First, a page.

If the SEC is serious about protecting investors, it’ll raise income thresholds for accredited investors and peg them to inflation, Democratic commissioner Allison Herren Lee said.
In a virtual speech to state regulators for the Section 19(d) Conference, Lee, the longest-serving Democrat on the Commission, said that the number of accredited investors has risen 550 percent since 1983, even though actual wealth hasn’t kept pace.
“Indexing the accredited investor financial thresholds is a common sense step with an extremely broad base of support,” Lee said. “It also accords with the approach taken to other financial thresholds affecting the private markets and public companies, including offering limits on Regulation Crowdfunding and the emerging growth company definition.”
Reform rockets up list
Reg D offerings have exploded over the past decade. That’s largely thanks to the JOBS Act, which repealed the ban on general solicitation and also gave its blessing to crowdfunding websites.
Reg D reform was once consigned to the bottom of the SEC’s priorities. It has rocketed up the list in the past few months. Now that newly-installed chairman Gary Gensler has been sworn in, the issue of reform has gained steam.
On May 26, Gensler told a House Appropriations subcommittee that he has asked his staff to come up with recommendations for overhauling Form ADV, Form D and Form PF. “The SEC must grow and evolve with the industry,” he said, adding that he’s also weighing “other” private fund reforms.
The zeal for reform has some worried. Proponents say that Reg D is a careful balancing act between the need for small businesses to access capital and the need to protect ordinary investors.
Republican commissioner Hester Peirce, for instance, gave a speech to the SEC Small Business Capital Formation Advisory Committee in late April. She said that the definitions of accredited investors should expand.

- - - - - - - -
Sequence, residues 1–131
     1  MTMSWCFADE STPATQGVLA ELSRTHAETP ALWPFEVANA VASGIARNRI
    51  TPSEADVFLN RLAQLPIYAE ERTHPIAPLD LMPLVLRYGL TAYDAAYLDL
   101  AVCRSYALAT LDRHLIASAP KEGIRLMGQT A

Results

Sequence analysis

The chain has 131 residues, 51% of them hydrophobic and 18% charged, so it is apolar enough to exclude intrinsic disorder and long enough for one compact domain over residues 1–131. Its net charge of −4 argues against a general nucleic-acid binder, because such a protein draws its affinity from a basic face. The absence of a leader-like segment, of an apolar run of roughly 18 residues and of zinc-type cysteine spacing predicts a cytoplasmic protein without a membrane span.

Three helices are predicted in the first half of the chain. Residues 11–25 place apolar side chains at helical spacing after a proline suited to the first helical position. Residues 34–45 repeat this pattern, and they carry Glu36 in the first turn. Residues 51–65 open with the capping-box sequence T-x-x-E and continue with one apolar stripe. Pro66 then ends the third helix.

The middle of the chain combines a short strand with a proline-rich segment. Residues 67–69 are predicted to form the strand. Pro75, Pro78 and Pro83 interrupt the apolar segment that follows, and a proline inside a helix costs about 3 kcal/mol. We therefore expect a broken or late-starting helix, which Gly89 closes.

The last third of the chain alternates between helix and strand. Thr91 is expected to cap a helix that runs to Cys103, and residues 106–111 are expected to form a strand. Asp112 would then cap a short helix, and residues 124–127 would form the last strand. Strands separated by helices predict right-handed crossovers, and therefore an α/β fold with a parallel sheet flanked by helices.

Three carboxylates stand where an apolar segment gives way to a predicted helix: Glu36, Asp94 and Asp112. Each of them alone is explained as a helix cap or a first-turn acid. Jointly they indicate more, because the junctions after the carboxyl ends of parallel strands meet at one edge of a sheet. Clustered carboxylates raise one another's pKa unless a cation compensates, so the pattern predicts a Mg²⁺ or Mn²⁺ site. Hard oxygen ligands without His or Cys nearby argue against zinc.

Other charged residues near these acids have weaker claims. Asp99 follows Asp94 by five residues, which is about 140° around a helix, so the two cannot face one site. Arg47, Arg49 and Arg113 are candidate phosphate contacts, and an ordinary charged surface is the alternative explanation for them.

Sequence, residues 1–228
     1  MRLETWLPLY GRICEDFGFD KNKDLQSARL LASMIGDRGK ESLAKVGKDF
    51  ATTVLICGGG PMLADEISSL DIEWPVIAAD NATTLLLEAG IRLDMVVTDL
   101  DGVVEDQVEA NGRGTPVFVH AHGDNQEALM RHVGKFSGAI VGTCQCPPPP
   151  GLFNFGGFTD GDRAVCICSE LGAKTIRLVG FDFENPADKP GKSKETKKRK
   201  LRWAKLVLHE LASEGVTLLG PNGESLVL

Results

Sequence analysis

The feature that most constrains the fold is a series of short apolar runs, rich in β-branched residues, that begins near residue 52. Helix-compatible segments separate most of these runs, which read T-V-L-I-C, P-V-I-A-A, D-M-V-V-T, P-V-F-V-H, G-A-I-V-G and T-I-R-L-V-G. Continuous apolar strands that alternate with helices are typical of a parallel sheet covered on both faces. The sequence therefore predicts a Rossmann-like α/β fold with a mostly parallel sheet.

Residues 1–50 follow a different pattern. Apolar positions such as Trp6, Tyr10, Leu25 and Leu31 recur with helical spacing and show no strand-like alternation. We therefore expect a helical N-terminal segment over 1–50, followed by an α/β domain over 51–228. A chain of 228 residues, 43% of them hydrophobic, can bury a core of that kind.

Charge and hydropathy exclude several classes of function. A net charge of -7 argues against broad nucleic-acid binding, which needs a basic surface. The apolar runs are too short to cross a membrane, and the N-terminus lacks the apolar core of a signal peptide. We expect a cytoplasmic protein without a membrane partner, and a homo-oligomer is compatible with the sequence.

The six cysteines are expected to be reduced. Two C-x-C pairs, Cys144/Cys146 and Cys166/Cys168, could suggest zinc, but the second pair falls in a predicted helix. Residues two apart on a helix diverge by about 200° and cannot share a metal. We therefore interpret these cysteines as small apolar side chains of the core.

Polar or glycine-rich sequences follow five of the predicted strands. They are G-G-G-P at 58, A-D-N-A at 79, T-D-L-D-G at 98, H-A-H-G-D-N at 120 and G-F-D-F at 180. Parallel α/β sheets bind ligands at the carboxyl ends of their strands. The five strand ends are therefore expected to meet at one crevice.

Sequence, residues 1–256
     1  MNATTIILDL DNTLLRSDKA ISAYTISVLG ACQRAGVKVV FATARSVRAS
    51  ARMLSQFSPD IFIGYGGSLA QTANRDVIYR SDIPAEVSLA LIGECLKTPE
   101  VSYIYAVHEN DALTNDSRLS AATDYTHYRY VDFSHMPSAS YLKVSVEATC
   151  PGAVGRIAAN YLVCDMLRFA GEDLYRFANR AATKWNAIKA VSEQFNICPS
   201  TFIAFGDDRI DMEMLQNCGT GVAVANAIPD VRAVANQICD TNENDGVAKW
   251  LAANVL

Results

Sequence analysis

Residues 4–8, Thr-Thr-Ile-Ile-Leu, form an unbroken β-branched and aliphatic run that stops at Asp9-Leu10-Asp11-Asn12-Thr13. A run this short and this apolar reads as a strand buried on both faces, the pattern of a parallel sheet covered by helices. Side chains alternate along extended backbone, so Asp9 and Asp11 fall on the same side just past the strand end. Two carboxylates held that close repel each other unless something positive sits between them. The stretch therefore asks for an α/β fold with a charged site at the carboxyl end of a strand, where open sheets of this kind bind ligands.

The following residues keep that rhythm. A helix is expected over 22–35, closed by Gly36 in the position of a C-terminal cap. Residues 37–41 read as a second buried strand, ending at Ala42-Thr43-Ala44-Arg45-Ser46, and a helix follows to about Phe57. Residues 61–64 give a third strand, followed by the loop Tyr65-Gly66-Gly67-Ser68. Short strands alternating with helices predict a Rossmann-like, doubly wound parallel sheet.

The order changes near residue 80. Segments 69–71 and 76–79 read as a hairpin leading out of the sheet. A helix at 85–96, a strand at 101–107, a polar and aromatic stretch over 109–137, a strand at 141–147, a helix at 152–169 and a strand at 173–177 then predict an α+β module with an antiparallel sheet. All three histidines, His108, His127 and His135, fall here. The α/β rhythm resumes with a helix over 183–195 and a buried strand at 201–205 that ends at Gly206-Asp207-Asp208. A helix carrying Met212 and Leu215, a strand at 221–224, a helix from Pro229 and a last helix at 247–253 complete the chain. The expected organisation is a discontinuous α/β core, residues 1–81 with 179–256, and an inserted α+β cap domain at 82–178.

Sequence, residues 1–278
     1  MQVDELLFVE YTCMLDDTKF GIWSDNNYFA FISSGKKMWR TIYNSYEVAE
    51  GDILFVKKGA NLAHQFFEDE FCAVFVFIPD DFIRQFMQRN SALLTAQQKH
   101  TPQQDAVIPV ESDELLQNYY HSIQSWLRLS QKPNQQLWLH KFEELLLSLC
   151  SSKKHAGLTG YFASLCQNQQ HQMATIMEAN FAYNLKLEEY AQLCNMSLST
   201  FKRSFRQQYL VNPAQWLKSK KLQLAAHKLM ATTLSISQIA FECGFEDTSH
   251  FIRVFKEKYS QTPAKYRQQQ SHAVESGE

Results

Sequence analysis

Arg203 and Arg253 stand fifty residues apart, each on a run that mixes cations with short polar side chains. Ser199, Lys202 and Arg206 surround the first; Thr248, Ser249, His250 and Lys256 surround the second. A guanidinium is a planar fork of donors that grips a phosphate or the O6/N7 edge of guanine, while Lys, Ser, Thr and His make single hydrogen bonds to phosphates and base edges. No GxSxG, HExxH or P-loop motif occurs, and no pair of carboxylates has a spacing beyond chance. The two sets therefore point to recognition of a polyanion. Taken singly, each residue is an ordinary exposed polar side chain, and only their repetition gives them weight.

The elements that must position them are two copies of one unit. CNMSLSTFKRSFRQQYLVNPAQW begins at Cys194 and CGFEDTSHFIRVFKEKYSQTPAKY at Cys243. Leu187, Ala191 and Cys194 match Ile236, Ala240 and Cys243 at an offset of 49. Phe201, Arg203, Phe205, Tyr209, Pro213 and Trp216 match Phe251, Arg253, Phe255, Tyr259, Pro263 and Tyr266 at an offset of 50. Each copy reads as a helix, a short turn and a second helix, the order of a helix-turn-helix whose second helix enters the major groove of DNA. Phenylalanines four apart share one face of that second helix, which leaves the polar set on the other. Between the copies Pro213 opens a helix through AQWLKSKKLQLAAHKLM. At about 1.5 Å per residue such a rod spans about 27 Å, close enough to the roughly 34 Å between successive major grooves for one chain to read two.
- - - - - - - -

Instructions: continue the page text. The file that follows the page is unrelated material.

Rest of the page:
“An entrepreneur who is plugged in to a network of financially sophisticated people should be able to go to those people for funding, even if they are not wealthy enough to meet our financial thresholds,” she said. “We need to open additional doors to accredited investor status, such as educational credentials.”
Ahead of last year’s elections, Lee and fellow Democratic commissioner Caroline Crenshaw issued joint statements. Reg D self-regulation, they said, had run its course. Now, they said, it was time for new rules – or an expansion of the old rules – to bring in some daylight upon the magic, they said.
In her May 21 speech, Lee said the once-forgotten 2013 rulemaking notice might make some important changes to the exempt reporting advisor industry.
Among the things that might help, she said, are requirements that would:
- Require 506(c) companies to file a Form D. “Because there is no real consequence to issuers for failing to file this form,” Lee said, “the rule is viewed by many as optional. In fact, we don’t even know the actual rate of non-compliance, but our own research suggests it may be north of 10 percent.”
- Require 506(c) companies file a Form D in advance of any sales and require 506(b) and 506(c) companies to file closing amendments.
- Expand Form D. Collecting data on “the number and type of accredited investors,” the amounts raised from retail investors, “the nature of methods used to verify accredited” status, the issuer’s website, “control persons” and “the type of general solicitation…“will increase the flow of information to regulators and allow them to better evaluate market practices,” Lee said.
- Requiring issuers to put legends on 506(c) general solicitations (and to file those legends with the Commission). “Requiring the filing of such materials would also allow regulators to better understand how 506(c) is being used and to evaluate the claims made in advertising materials,” Lee said.
This article first appeared in affiliate publication Regulatory Compliance Watch